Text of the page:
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Crosslake lists positive results on planning and zoning changes

A sparse gathering at the Crow Wing County Board’s Tuesday meeting spoke volumes to Commissioner Rachel Reabe Nystrom.

“It’s outstanding this room is mostly empty this morning compared to that packed, angry, concerned angry people,” Nystrom said, adding whatever happened it’s been resolved to a great outcome.

Last September, a standing room only crowd filled the county board room on the third floor of the historic courthouse.

The board was deciding whether to approve a plan to offer planning and zoning services to the city of Crosslake. Numerous residents spoke, some questioning replacing experienced staff members. They described the situation on Crosslake as an uproar.

At the time Mark Wessels, Crosslake City Council member, said people were opposed to change and didn’t understand what the city was doing. Wessels said the change also came with a cost savings to its taxpayers, although how much was disputed.

Tuesday, Crosslake Mayor Darrell Schneider gave commissioners an update on how the process is working.

“They are going fantastically well really,” Schneider said. He said data reports supported his personal opinion, listed in a one-page status update. Schneider said feedback from people has been positive.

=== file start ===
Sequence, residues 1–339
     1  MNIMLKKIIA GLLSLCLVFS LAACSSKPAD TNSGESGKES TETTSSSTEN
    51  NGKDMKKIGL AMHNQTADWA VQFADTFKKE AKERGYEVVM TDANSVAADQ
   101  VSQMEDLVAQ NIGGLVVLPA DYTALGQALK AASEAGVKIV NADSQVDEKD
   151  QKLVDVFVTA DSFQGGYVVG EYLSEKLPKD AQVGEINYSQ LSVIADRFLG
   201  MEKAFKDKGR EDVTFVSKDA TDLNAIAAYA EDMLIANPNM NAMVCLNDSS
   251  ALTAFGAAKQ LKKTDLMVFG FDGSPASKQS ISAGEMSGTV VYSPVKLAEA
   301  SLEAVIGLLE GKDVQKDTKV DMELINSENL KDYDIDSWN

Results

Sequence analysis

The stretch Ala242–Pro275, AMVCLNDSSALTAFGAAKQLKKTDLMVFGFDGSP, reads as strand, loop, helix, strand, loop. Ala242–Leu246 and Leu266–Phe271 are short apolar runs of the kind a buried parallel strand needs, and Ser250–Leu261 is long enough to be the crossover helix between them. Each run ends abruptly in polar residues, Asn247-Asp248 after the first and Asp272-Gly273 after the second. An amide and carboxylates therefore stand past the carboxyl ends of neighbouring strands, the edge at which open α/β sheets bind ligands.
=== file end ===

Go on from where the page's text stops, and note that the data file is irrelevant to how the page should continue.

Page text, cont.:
“The public receptivity is terrific. Most everyone is very enthusiastic and positive,” Schneider said.

Among his findings, Schneider said meeting times have decreased from four to six hours to one to two hours, documents are filed promptly, someone is always available, and a new ordinance is “better to interpret, administer and enforce.”

Commissioner Paul Koering said he was a little reluctant about extending planning and zoning services to the city, which then eliminated its existing planning department although he favors consolidating services. Koering said he was pleasantly surprised to see things turn out so well, noting the city went from 300 pages of regulations to 160.

“It’s a real team effort. Everyone is working together,” Schneider said. “People are happy to come into city hall to talk about their project because there is a way usually to do anything people want to do.”

Schneider said the ordinance is a good one from an environmental standpoint.

Commissioner Paul Thiede, whose district includes Crosslake, said the number of calls he receives have been positive rather than the negative ones he heard previously. Thiede said it was a resolution to what was a rather difficult situation and worthy of a downtown Crosslake parade.

Nystrom said: “You make us look good and we like that.”

RENEE RICHARDSON may be reached at 855-5852 or Follow on Twitter at

Renee Richardson
Richardson is a Pacelli High School graduate from Austin, Minn., who earned an applied science degree from the University of Minnesota, Waseca, with an emphasis in horse management. She worked extensively in the resort industry. She received an associate’s degree from Central Lakes College, where she was editor of the Westbank Journal student newspaper, as well as a summer intern at the Dispatch. She graduated from St. Cloud State University summa cum laude with a bachelor’s degree in mass communications and interned at the St. Cloud Times covering business while attending SCSU. She's been with the Brainerd Dispatch since 1996.
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